How 747 pilot knocked out drunken pop star
The pilot of the plane on which a pop star went berserk a week ago described yesterday how he left reserve crew flying the aircraft in their underwear while he knocked out the 'raving, intoxicated' singer with a torch.
Eva Air Captain John Irving said he was forced to intervene when Canto-pop singer Ronald Cheng Chung-kei began throttling his co-pilot - who had gone to rescue a flight attendant from a headlock - in first class.
He said Cheng had been drinking whisky and champagne since take-off and spent 20 minutes smoking in the toilet, which 'just got him whacko'.
Cheng set off the smoke alarm and emerged 'completely intoxicated, very altered and yelling for more whisky' before dozing off in his seat for a while, Captain Irving said.
He started singing and shouting obscenities about three hours into the flight and held a flight attendant in a headlock when she refused to serve him any more whisky.
Captain Irving said her screams sent first officer Meng Lung Chao rushing to her aid. Minutes later, he was calling for help after Cheng grabbed him by the throat. He summoned the resting crew before going to tackle the singer.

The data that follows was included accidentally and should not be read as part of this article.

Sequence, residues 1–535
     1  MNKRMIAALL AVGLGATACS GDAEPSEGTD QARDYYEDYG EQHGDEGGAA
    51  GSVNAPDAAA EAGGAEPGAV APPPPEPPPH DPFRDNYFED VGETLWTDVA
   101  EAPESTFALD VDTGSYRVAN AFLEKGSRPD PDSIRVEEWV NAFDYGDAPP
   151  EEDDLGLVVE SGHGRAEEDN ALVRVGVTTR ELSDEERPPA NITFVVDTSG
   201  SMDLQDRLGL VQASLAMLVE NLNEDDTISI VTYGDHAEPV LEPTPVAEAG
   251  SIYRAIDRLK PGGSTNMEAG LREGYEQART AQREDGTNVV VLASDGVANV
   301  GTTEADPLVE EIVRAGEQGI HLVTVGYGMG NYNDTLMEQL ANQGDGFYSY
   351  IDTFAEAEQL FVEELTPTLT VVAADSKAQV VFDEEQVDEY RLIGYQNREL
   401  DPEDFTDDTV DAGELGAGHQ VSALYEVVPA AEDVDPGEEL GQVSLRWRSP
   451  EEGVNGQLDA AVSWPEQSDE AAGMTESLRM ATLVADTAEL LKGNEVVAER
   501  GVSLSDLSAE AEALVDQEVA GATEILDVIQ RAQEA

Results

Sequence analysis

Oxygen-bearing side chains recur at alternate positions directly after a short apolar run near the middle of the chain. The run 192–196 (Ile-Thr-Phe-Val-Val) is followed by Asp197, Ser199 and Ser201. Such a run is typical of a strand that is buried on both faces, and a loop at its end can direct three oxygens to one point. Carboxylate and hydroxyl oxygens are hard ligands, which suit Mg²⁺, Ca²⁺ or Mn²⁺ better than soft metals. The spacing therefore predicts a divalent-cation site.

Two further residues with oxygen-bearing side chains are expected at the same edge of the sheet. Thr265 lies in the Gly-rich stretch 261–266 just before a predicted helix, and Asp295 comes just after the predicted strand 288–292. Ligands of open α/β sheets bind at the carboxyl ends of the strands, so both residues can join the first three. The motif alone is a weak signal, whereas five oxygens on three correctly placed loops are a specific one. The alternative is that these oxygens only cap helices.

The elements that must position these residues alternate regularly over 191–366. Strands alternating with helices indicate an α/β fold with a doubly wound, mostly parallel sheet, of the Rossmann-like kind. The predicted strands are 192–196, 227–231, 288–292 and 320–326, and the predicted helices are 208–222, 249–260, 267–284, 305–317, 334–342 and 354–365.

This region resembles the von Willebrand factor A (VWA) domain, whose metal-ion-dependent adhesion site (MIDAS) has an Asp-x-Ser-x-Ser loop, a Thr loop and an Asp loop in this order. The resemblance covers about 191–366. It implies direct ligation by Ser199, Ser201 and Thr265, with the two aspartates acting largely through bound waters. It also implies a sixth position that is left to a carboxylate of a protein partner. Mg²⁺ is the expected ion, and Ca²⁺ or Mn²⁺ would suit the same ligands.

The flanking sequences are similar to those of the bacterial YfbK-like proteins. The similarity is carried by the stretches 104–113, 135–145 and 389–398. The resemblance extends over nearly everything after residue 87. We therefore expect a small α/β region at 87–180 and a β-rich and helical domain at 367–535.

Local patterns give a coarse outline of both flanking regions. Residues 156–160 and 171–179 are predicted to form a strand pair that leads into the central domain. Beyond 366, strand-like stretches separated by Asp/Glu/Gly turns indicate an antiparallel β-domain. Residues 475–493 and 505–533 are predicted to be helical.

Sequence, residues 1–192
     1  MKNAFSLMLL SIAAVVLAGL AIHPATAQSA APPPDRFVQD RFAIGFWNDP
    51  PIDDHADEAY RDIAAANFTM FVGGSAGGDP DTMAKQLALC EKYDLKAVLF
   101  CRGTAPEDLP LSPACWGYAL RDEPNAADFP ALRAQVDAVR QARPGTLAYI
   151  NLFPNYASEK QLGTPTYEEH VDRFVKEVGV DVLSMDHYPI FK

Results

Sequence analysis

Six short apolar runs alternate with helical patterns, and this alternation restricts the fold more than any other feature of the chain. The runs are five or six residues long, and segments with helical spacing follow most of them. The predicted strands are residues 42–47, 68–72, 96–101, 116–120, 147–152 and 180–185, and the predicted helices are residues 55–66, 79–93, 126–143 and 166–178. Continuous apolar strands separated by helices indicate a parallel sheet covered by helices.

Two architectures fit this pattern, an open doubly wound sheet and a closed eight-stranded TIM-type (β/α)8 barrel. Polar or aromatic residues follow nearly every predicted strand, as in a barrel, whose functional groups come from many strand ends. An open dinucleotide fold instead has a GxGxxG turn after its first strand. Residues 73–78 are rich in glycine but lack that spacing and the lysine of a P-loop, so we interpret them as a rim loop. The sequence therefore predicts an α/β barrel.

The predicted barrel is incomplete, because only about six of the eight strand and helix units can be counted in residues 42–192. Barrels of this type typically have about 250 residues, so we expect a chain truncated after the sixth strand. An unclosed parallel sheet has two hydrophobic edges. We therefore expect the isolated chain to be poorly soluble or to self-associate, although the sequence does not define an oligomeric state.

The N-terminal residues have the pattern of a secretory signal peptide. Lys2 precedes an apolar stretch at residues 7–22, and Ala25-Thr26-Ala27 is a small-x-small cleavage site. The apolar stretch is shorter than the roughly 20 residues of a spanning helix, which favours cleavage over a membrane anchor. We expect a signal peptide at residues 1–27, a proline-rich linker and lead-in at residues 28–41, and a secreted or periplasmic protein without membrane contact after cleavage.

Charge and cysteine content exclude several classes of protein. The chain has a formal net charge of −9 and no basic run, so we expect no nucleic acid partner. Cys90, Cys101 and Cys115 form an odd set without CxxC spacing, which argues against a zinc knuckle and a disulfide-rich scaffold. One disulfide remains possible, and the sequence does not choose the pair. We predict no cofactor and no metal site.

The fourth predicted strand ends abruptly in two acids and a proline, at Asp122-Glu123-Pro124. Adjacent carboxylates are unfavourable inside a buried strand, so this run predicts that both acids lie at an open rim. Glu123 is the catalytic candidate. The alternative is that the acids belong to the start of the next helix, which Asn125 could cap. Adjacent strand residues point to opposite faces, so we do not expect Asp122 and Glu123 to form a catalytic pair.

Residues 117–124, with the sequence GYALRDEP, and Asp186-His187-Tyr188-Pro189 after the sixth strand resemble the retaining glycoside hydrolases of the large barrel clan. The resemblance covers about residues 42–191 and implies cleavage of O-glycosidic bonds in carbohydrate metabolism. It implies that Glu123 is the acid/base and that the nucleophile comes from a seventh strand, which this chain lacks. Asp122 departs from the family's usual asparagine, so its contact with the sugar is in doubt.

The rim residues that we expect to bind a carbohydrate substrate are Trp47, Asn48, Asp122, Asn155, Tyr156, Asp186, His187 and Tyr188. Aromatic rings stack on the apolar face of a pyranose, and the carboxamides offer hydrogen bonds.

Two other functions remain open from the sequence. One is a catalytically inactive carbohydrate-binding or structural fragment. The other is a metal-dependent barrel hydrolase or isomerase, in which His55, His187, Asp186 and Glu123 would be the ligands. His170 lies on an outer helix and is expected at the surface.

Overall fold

'He's a little skinny guy, but when he grabbed me his strength was astonishing.' The two scuffled and Captain Irving split Cheng's head open with his torch. 'He was out for the count, bleeding badly. I was horrified, fearing I had really harmed him.' The pilot called for help from a doctor on board while other crew members handcuffed Cheng.
'He behaved himself meekly for the rest of the flight, passing in and out of consciousness,' Captain Irving said.
The drama took place on Eva Air's February 16 flight from Los Angeles to Taipei; the jet diverted to Anchorage, Alaska, because of Cheng's behaviour.
Cheng, 27, registered a blood alcohol level over 0.3 per cent and has since vowed never to drink again.
He says a sleeping tablet taken before the flight may have reacted badly with the alcohol.
Cheng is now in Los Angeles in his mother's care after being fined US$2,500 (HK$20,000) and ordered to pay restitution to the airline. He has expressed his 'deepest apologies' through his US lawyers.
Captain Irving, 53, from California, was speaking from Taipei, where he is recovering from a back strain sustained in the struggle.